– Diagnose the most common refractive eye disorders with your smart phone: myopia (nearsightedness), hypermetropia (farsightedness), astigmatism, and presbyopia (age-related visual impairment).
– This is the first consumer EEG that I will try. You can order now, but shipments won’t occur until the end of the year.
– This startup enables you to get paid monetary rewards for hitting health tracking targets. This is a great idea, as it is one piece of the puzzle for a potential solution to the dual problems of spiraling (down) health and (up) costs worldwide. Since healthy behaviors translate into health savings on future medical care, it makes complete sense that individuals should be incentivized monetarily to adopt those behaviors.
Many of the above technologies were highlighted in Eri Gentry’s talk. Eri
is one of the founder’s of Bio Curious
, a DIY biology organization.
Issues facing QS
The conference had a few themes, one of which was lifelogging
, and the privacy issues raised by it. Another theme was data openness
/ownership. A third was how to move towards common data and communication standards so that the data from different self-tracking devices can be easily merged and analyzed together. These are all tough and important issues with divergent opinions and no easy solutions. But many conferences attendees are already working towards addressing them.
There was a lot going on at the conference geared towards better quantifying and understanding the effects of meditation on the mind. This is a major interest of mine, and I’ll be getting involved with a few of these projects going forward. Most of these are in their formational stages, so there is not so much by way of results to report just yet. But if you are interested in following/participating in them also, then here’s the info:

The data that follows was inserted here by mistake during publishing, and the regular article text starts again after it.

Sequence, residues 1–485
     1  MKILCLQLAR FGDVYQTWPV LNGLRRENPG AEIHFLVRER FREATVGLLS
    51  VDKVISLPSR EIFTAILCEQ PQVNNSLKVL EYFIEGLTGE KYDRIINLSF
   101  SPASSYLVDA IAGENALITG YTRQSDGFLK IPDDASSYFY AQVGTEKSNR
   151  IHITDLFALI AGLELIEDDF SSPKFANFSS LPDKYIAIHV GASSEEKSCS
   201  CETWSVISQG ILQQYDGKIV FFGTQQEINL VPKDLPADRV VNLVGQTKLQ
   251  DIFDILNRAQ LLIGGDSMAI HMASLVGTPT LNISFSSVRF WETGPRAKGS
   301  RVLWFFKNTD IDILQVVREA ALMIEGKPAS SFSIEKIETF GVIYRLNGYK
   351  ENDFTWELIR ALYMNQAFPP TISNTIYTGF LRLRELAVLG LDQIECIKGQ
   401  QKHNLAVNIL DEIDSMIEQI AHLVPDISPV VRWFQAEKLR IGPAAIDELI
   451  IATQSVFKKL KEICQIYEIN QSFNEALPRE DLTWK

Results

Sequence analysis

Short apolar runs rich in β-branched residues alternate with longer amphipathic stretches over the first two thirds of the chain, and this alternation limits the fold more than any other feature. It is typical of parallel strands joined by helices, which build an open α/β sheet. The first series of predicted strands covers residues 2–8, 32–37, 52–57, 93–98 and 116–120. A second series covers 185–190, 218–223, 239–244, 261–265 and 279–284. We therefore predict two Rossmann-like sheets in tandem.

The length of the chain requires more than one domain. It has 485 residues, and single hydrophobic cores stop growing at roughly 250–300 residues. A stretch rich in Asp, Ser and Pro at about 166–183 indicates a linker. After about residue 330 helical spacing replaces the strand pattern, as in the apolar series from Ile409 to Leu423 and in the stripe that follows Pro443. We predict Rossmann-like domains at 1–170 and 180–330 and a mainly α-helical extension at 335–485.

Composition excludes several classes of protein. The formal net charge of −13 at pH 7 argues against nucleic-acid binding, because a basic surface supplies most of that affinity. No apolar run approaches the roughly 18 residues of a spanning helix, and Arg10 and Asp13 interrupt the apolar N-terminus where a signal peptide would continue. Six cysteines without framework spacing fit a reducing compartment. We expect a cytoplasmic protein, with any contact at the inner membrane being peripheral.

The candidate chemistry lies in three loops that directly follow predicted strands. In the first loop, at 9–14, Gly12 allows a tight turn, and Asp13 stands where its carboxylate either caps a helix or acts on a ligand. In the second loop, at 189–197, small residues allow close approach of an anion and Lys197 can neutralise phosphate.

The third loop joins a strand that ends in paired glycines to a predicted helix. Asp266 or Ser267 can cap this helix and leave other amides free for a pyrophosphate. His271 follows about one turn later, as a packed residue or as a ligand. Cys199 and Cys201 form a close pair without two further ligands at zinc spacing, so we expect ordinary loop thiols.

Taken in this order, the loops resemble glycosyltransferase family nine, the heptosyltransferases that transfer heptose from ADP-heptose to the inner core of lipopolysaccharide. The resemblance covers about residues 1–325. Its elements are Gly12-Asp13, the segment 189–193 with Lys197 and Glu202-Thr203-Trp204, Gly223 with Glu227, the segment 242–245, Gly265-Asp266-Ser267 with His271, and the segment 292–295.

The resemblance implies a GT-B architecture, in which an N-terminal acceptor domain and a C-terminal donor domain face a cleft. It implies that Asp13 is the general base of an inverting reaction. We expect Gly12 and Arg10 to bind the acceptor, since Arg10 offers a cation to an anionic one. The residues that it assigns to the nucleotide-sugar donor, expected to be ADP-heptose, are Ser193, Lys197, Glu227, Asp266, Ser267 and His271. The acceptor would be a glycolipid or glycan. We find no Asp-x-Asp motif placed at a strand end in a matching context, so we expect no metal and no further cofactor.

The Mind App – by Gustaf Kranck
– A suite of developing sensor technologies and applications to help track and learn about the state of the mind. Gustaf is also interested in trying to get to the bottom of whether or ambient EMF fields affect the brain, and if so then in what ways? He’s also curious how meditation, specifically vipassana meditation
, might alter any such effects.
Meditation and brain function – Peter Lewis – Peter presented the results of a 6-person crowdsourced trial that he ran testing the effects of mindfulness meditation by evaluating mental performance with a mental arithmetic app. He’s interested in refining and expanding these types of trials in the future.
Open Source Brain Metrics for Performance Tracking – Richard Ryan, Martin Sona
– They are examining various commercial and DIY EEG hardware for suitability in citizen-science experimentation for evaluating the effects of mental treatments, such as meditation, on cognition. I believe that they will keep us up-to-date on the QS facebook group
– I didn’t see any session dedicated specifically to this at the conference, but its an important and useful online tool for evaluating mental performance. It’s been used in several crowd-sourced experiments so far.
The video of my talk is here
, and I also volunteered for an interview
in which I was asked about the role of QS in biohacking and about the future of QS.
A nice roundup of blog posts and interviews are collected here
. The recorded talks can be found on Ken Synder’s Vimeo page
(great props to Ken for doing a TON of work filming everything!).
If you would like to learn more about Quantified Self, the available technologies, and how people are using them, then the following links are great places to get started:
Soylent promoters were up in the house.